A majority of voters also support requiring coronavirus vaccination for people in jail or prison, first responders, members of the military, teachers and medical providers, the poll found. Respondents were almost evenly split on whether to require vaccination for college students or state government employees, with 50 percent saying yes and 48 percent no for both.

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There was less support for requiring coronavirus vaccination in public schools. Voters were evenly split (49-49) on whether to require shots for high school students, but slightly opposed to requiring vaccination for middle-schoolers (51 percent no, 47 percent yes) and very opposed to requiring them for children in elementary school (55 percent no, 42 percent yes).

Virginia voters also favor remaining in the Regional Greenhouse Gas Initiative, a multistate compact aimed at reducing carbon pollution that Youngkin has vowed to exit because he thinks it drives up consumer energy bills. More than two-thirds of voters (67 percent) say they favor remaining in the initiative, with 26 percent calling for an exit.

Despite the polarized positions, the poll finds that 45 percent of voters continue to think the state is headed in the right direction, versus 41 percent who say it’s headed in the wrong direction — which is consistent with CNU’s polling over the past four years, according to the center’s analysis of its findings.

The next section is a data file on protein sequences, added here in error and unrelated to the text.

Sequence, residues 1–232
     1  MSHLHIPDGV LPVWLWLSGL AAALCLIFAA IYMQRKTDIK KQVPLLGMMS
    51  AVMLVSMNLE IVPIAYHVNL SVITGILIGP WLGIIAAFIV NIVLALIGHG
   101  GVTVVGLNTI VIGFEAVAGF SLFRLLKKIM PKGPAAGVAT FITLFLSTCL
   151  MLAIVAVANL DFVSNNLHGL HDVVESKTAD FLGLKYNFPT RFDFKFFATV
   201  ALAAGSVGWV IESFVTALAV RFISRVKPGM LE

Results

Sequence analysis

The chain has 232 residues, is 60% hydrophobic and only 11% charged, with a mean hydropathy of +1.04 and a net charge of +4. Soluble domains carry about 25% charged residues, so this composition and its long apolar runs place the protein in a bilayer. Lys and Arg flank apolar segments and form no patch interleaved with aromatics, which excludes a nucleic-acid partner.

Youngkin’s relatively low approval is striking because Virginia governors have consistently scored more favorable than unfavorable in Wason/CNU polls going back two terms. The only exception: a few weeks after the 2019 blackface scandal that nearly caused former governor Ralph Northam (D) to resign. Northam sank to 40 percent approval/49 percent disapproval that April but quickly rebounded, registering above 50 percent approval for the rest of his term, according to Wason/CNU results.

Democrats in the General Assembly pounced on the results Monday to charge that Youngkin is out of touch with Virginia voters, who elected him last fall by a slim two-point margin.

“The honeymoon is over,” Del. Don L. Scott Jr. (D-Portsmouth) said Monday in a blistering speech on the House floor that referred to Youngkin’s negative approval rating in the poll. “It’s hard to be this bad, this fast. … He’s too extreme, too divisive.”

But Republicans countered that the same poll also shows Virginia voters are sharply negative on Democratic President Biden, with only 40 percent approving of his job performance and 53 percent disapproving. That’s down from 57 percent favorable and 36 percent negative a year ago.

“I will appear with Glenn Youngkin anywhere if they want to appear with Biden anywhere, okay?” said House Majority Leader Terry G. Kilgore (R-Scott), adding that he felt the poll was “very left-leaning.”

The governor is “very popular in my area,” Kilgore said. “I don’t see any of his stances being out of the mainstream, as [Democrats] are talking. If they want to fight for four years, fine, but it looks like we could all come together and work together to move the commonwealth forward.”

The CNU/Wason poll was conducted from Jan. 26 to Feb. 15 and is based on interviews with 701 Virginia registered voters.